New Delhi: Next month’s Madhya Pradesh elections will provide an important litmus test of the Bharatiya Janata Party’s (BJP’s) popularity ahead of 2019 Lok Sabha elections. Of the five upcoming state elections, Madhya Pradesh is the most important for national politics, contributing 29 seats to the Lok Sabha. And for the past 15 years, the state has been a BJP stronghold under chief minister Shivraj Singh Chouhan. After a decade of Congress rule (between 1993 and 2003), the BJP has dominated the state’s politics, securing an average of 70% of assembly seats over the past three state elections. But how has this sustained dominance affected Madhya Pradesh’s economic development?
Like many of India’s states, Madhya Pradesh’s economy still depends significantly on agriculture. The last census showed agriculture employs nearly 70% of the workforce against 55% at the national level while the 2015-16 agriculture census found more than 10 million farms across the state. In the past decade, this land and labour, combined with facilitative state government policy, has generated significant agriculture growth. In 2003, MP accounted for around 5% of total agricultural output; by 2014, this share had increased to 8%.
A combination of factors have contributed to this growth but most significant is wheat production. While Madhya Pradesh has always been a national leader in pulses, it is now one of the largest producers of wheat. Between 2002 and 2007, Madhya Pradesh accounted for around 9% of India’s wheat production. A decade later, wheat production has nearly doubled, averaging 17% of India’s production. Economists attribute the surge to investment in infrastructure, particularly irrigation, and better policies. One successful and popular policy has been the state bonus to wheat’s minimum support of price (MSP). In 2008, and in his first term as chief minister, Shivraj Singh Chouhan, who portrays himself as a champion for the farmers’ cause, added a ₹ 100 bonus to the wheat MSP. This, along with other marketing reforms, incentivized wheat production, increased state procurement, and helped power farm growth.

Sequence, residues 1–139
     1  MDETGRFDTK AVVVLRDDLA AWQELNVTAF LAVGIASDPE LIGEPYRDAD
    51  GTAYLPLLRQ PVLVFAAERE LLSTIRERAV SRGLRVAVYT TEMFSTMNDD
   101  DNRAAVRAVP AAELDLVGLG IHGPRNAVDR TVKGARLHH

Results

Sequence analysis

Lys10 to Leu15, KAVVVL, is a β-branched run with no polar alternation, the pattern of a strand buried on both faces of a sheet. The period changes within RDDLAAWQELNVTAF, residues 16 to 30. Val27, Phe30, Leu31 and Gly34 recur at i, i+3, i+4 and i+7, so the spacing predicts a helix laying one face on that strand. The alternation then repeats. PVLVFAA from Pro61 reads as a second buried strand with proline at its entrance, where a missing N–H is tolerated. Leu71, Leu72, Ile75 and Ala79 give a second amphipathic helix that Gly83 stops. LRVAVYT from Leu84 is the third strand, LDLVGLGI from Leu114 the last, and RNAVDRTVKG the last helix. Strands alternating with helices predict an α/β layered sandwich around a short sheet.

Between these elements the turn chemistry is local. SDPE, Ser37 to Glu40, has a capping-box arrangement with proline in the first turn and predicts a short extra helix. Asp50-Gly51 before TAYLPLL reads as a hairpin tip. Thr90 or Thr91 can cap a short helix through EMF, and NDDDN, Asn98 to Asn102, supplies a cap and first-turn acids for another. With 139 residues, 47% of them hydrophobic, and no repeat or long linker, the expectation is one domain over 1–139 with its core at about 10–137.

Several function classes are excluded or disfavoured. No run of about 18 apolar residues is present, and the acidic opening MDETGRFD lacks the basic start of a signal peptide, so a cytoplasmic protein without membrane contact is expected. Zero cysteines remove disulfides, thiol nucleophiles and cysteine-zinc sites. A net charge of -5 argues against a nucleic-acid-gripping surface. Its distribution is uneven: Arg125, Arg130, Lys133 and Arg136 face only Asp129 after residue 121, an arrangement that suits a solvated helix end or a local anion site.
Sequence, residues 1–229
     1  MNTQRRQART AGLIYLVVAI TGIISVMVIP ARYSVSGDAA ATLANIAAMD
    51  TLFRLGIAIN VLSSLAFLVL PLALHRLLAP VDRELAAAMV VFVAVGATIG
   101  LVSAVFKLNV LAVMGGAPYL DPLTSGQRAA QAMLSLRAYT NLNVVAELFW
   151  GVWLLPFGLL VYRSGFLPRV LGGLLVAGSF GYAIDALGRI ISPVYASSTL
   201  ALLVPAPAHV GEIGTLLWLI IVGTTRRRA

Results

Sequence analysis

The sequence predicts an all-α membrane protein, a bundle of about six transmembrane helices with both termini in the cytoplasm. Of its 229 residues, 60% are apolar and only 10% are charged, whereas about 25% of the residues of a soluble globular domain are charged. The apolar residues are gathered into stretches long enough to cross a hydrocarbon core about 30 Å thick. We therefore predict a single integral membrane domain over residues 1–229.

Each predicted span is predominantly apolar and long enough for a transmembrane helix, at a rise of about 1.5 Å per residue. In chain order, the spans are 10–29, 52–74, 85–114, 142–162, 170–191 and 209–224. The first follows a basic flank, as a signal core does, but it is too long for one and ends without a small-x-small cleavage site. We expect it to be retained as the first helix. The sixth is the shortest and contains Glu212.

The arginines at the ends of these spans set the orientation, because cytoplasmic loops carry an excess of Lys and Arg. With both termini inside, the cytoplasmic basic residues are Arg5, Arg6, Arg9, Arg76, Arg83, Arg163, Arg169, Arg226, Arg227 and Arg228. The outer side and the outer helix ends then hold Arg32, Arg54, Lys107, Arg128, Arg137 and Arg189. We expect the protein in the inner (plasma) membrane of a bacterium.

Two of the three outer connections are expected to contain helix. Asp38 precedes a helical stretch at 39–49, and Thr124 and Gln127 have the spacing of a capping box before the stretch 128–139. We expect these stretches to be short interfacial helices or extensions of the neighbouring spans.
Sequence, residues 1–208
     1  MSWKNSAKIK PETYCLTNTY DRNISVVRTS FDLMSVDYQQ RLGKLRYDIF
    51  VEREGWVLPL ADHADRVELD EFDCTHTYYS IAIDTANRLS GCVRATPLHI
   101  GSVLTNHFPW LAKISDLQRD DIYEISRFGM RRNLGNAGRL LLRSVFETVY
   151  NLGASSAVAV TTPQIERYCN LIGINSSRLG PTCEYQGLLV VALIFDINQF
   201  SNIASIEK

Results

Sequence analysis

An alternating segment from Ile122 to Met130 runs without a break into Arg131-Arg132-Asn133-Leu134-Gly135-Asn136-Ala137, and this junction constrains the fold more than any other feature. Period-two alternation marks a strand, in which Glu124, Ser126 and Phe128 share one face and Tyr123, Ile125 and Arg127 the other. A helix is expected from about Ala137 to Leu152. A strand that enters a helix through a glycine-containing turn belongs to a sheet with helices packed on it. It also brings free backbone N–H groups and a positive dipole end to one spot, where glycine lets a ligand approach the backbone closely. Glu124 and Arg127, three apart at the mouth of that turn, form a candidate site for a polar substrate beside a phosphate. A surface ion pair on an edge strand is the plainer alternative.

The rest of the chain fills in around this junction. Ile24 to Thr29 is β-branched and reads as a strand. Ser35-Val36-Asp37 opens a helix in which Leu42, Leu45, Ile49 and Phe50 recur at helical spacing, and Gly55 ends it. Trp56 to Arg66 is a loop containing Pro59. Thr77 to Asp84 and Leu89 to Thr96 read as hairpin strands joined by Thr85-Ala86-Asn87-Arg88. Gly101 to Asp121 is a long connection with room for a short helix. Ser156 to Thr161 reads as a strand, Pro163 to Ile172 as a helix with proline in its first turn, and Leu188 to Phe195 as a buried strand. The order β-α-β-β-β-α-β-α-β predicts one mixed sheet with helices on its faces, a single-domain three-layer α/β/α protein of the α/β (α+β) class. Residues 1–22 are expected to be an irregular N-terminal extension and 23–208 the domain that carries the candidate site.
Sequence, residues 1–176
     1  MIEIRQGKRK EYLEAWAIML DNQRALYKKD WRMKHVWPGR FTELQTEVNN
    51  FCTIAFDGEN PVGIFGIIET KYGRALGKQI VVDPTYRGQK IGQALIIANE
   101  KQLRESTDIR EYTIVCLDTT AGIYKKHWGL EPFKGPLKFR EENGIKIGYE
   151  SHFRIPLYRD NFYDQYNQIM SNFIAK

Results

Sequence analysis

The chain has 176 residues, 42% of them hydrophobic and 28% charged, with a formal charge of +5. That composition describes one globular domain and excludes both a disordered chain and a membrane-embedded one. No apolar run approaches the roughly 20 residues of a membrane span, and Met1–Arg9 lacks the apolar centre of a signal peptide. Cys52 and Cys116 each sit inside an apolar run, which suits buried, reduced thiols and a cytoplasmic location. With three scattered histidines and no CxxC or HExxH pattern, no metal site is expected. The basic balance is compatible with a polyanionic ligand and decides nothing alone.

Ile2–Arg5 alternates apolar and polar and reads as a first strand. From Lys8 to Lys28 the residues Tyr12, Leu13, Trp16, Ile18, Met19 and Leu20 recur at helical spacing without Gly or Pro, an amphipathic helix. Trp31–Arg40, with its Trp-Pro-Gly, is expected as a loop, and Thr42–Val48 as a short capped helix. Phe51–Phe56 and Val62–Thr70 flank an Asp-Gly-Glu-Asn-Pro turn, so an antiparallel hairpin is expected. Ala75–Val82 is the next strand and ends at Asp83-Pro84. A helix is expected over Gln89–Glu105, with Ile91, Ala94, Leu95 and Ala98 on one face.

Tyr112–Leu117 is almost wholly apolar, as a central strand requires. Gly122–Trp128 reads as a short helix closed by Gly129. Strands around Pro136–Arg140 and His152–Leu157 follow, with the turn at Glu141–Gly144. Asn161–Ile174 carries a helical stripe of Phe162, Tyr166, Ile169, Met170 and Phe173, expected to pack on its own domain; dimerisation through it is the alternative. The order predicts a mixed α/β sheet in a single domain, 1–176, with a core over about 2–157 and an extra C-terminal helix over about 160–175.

Yet, as this column highlighted last year, farm growth has not translated to farmer prosperity in Madhya Pradesh.
In a 2016 paper, the researchers Sanjoy Chakrovorty, S. Chandrasekhar, and Karthikeya Naraparaju showed that despite a 75% increase in farmer incomes between 2003 and 2013, MP’s farming household’s monthly per capita income of ₹ 1,321, as of 2013, is still 7% below the Indian average.
One reason for this is relatively low rural wages which have lagged the Indian average—a disparity that has widened over the last five years. This is particularly significant when 76% of all Madhya Pradesh farmers are small farmers relying on rural wages to supplement their incomes.
Agriculture’s relative success has also been balanced by relative failure elsewhere. Like the Congress before them, the BJP has struggled to stimulate Madhya Pradesh’s industrial sector. The state’s share in the country’s industrial output fell from 3.6% in 2003 to 3.2% in 2014, data from the old GDP series show (the new series is not comparable with the old series, and has not been used here). Not surprisingly, factory jobs are few and far between. Despite accounting for 6% of India’s population, as of 2015-16, Madhya Pradesh only employed 2.5% of India’s industrial workers. The rural unrest in recent years may have been driven as much by the lack of growth in farm incomes as by the lack of alternative job opportunities for most of the state’s populace.
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To compound the lack of diversification, the state has also failed to invest enough for human development, hurting productivity growth. On education and health, where state governments can exert a strong influence, MP fares worse than the Indian average. For instance, infant mortality has steadily improved through both Congress and BJP regimes to reach 47 deaths per 1,000 births but is significantly higher than the India figure (34).
Similarly on education, Madhya Pradesh’s government schools deliver poorer results than average Indian government schools. According to the ASER survey, in Madhya Pradesh nearly 17% of children in rural government schools could not recognize basic letters while 14% could not do basic arithmetic, higher than the corresponding Indian figures (15% for reading and 12% for arithmetic).
These are all enduring challenges for MP that precede the current regime but the BJP’s difficulties in tackling them could play a role in the upcoming elections. For instance, frustration with farm incomes have already manifested itself in farm protests.
But the MP elections will not be won or lost on development alone. Caste and religion have played a key role in past elections, and this time is no different. No wonder then, that both the BJP and the Congress have publicly advertised their Hindu credentials in the run-up to the polls.
This is the first of a two-part data journalism series on Madhya Pradesh. The next part will examine how different segments of voters in the state have voted in past elections.